1932: The Subterranean Empire

When Steven is assaulted and nearly killed by a strange commando squad, all evidence of their attack points to one person. Thomas Hawklin, Steven’s estranged father who has in his possession what the commandos seek. Hilana, Queen of the subterranean empire.
With blood spilled and tensions high. Steven must work fast to prevent the armies of the surface world from invading the underworld kingdom. While in turn stop the underground dwellers from unleashing a weapon so devastating that no one on the planet could survive.
Descending into the belly of the earth, Steven leads his team into the dark recesses of the planet. His mission: save Hilana, stop the attack on the surface world and prevent a madman from carrying out his insidious plot.
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From Chapter One Of Captain Hawklin and the Subterranean Empire
December 3, 1932, Crown City
Oz Lyman carried a stack of presents out of Drake’s department store on Seventy-Seventh Street and Yale Avenue. The stack of wrapped gifts swayed back and forth while he struggled to keep them from falling to the wet sidewalk. It had been raining most of the day. Not just any rain, but the cold chilly rain that the west coast got three weeks before Christmas.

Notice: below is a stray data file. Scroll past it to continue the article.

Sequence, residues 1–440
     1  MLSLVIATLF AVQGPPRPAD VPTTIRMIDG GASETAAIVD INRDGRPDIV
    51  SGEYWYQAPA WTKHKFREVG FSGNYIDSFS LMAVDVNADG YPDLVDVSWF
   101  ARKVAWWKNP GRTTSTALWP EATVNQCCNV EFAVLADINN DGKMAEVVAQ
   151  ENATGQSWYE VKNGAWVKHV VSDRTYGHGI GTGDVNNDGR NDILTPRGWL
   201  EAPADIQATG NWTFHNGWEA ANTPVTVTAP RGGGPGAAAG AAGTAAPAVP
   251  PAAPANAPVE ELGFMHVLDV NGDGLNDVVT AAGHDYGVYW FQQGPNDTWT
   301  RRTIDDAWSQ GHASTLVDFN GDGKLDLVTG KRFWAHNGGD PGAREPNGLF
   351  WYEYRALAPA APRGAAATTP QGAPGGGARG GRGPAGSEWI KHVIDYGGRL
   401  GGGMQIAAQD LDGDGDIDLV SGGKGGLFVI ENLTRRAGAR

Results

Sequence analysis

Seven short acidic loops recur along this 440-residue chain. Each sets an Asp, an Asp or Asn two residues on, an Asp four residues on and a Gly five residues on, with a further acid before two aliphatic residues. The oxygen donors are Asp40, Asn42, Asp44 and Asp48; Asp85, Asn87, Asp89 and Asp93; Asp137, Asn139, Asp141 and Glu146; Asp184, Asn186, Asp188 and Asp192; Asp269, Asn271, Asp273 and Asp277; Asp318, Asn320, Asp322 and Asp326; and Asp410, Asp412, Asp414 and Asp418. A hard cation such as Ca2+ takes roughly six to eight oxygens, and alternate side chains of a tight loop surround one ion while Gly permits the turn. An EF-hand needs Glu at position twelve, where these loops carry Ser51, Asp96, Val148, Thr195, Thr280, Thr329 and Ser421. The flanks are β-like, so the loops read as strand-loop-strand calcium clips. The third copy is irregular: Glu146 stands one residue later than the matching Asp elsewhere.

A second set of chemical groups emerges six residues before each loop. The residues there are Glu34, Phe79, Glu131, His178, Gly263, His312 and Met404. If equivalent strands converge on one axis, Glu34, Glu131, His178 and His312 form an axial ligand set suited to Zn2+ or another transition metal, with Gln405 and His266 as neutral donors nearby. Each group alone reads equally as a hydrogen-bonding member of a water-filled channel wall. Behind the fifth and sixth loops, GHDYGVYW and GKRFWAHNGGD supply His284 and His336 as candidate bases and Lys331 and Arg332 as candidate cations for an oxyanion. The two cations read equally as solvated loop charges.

Oz rushed along. A light drizzle wet the packages. Water dripped off the brim of his green ball cap, onto his bulldog face. The hem of his tan trousers soaked from the puddles he slapped through. He dodged other pedestrians, zigging one way, then the next, trying to be polite, but forcing himself forward.
The packages blocked his view and he bumped into more people than he avoided. “Excuse me – pardon me – I’m so sorry,” Oz said. He parked his Austin roadster four blocks down from the store. He wished he could have found a closer spot, but stores were busy with holiday shoppers, as he hurried up the street before the rain came down harder.
“Watch it pal,” someone said.
“Well, I never,” a woman fussed.